On the topic of new staff, the newer generations of workers are looking for different things in an organization, such as the ability to grow and learn new things, succession plans, challenges and the ability to make a difference. Recognizing the differences between the newer generations and older generations of workers will allow the organization to develop a plan to attract and retain the right people and competencies.
Continuous Improvement/Change Management
The traditional model of organizational management has in large part been a top-down philosophy following the standard hierarchical organizational chart, where employees at the lowest level of the organization are not afforded the opportunity to contribute to the overall success of the organization. Whereas this traditional model is unavoidable and cannot be dismissed, successful leaders who embrace change management and understand the value of every employee in the organization, foster an environment that supports floor level ownership, accountability for results at all levels of the organization, and drives sustainability.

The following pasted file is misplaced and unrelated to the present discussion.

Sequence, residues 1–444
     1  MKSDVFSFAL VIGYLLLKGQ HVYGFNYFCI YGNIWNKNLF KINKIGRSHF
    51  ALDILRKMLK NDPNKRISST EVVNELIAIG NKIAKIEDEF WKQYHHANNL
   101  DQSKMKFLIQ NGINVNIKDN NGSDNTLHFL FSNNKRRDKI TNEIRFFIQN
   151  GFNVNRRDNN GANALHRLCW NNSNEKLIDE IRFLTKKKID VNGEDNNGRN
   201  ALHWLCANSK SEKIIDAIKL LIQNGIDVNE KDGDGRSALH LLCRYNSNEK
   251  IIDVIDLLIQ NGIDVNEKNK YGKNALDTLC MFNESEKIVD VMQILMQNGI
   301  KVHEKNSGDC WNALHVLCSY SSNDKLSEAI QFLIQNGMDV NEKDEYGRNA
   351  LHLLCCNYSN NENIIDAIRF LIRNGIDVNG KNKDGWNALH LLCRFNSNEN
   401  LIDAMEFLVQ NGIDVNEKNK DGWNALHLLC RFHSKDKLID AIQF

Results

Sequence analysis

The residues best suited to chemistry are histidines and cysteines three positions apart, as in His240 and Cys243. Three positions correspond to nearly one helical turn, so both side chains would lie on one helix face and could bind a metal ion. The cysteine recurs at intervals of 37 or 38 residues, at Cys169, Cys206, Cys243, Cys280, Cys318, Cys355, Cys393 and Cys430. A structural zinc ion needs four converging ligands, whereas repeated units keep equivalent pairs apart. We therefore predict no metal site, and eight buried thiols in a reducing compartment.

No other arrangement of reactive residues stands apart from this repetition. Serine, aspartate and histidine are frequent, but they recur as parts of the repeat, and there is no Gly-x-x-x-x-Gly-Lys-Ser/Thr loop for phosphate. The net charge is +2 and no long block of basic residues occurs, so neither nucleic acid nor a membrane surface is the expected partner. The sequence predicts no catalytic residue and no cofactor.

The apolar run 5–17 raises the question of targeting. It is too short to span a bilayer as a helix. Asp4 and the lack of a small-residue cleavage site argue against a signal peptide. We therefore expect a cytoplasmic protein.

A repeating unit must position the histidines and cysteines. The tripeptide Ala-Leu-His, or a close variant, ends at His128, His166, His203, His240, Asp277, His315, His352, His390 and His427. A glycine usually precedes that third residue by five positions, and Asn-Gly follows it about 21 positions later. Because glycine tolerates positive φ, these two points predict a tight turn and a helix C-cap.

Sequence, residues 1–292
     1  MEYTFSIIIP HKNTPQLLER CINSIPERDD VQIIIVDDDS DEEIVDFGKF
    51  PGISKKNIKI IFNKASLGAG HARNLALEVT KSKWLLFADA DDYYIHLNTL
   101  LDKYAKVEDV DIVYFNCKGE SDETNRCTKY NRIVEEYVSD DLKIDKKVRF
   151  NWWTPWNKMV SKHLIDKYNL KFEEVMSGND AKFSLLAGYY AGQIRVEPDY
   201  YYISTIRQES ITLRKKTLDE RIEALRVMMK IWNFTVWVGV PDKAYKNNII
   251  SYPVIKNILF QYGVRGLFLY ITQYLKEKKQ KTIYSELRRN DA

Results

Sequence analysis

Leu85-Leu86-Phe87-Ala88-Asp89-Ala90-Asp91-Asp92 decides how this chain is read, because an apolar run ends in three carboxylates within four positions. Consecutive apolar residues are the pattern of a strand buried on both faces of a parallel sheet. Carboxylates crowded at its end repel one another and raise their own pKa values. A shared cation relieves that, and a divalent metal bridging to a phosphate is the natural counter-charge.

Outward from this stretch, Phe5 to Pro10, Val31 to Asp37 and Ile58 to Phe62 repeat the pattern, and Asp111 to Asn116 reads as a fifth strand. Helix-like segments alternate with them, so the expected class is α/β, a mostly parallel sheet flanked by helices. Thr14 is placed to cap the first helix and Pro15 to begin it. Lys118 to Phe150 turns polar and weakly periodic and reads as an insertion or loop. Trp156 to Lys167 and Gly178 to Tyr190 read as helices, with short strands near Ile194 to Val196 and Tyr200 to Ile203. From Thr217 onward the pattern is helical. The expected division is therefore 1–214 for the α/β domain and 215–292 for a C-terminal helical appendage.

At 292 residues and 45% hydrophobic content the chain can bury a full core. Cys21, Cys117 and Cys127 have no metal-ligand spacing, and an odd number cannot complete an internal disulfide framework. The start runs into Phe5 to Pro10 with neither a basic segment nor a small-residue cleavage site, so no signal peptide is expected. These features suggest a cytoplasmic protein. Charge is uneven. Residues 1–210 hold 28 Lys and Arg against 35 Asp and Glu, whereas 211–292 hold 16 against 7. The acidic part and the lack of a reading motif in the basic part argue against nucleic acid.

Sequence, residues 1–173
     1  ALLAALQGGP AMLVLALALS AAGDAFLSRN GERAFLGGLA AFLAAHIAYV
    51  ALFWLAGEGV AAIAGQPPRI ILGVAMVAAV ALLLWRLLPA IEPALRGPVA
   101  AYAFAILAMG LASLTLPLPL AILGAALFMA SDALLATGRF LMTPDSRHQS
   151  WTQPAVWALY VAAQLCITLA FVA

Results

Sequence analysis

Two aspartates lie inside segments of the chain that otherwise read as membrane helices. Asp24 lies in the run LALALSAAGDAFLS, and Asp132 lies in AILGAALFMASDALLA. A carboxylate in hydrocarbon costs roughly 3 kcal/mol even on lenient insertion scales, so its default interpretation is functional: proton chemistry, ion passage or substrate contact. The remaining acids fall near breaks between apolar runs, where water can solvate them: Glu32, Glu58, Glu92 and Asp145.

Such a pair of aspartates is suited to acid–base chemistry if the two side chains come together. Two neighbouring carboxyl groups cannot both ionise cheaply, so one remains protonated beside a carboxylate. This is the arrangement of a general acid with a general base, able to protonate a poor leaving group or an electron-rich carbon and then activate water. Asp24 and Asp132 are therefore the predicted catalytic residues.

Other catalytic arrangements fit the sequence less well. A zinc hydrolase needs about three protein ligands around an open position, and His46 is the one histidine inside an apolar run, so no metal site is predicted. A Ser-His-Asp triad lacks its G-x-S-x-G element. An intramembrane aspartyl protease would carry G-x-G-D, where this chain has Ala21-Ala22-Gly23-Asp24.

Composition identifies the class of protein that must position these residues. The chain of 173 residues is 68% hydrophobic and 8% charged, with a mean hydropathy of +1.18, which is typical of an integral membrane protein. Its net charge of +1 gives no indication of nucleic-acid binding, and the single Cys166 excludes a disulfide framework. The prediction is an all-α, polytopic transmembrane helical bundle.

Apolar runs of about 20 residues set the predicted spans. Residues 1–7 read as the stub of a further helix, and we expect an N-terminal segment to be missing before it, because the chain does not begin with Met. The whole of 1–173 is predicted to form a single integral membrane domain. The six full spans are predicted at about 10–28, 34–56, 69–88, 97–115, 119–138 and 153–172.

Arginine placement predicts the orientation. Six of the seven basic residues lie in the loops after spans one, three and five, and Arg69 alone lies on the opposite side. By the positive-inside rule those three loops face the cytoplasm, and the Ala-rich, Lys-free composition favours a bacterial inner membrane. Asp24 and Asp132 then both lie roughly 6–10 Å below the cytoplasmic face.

Operational Excellence is the utilization of the Hexcellence™ Model to support the leadership to employ specific strategy, methods, and tools that drive sustainable improvement. Those tools are:
- Total Productive Maintenance (TPM) – Which focuses on improving the Overall Equipment Effectiveness through employment of improved maintenance strategies
- Lean – Is the elimination of waste in a manufacturing environment to include optimization of all processes and resources.
- Six Sigma – Statistical Analysis to identify key areas of focus for the improvements to take place
- 5S – A method to clean and organize an area of all required assets and tools while removing any unnecessary components and contributing factors.
- Self-empowered Work Teams – Allow Teams to identify and solve issues and defects in the process autonomously
All the facets within the People cell are necessary. The degree and depth to which an organization uses them give the flexibility for smaller companies to see the same results as a large with a cost structure that makes business sense.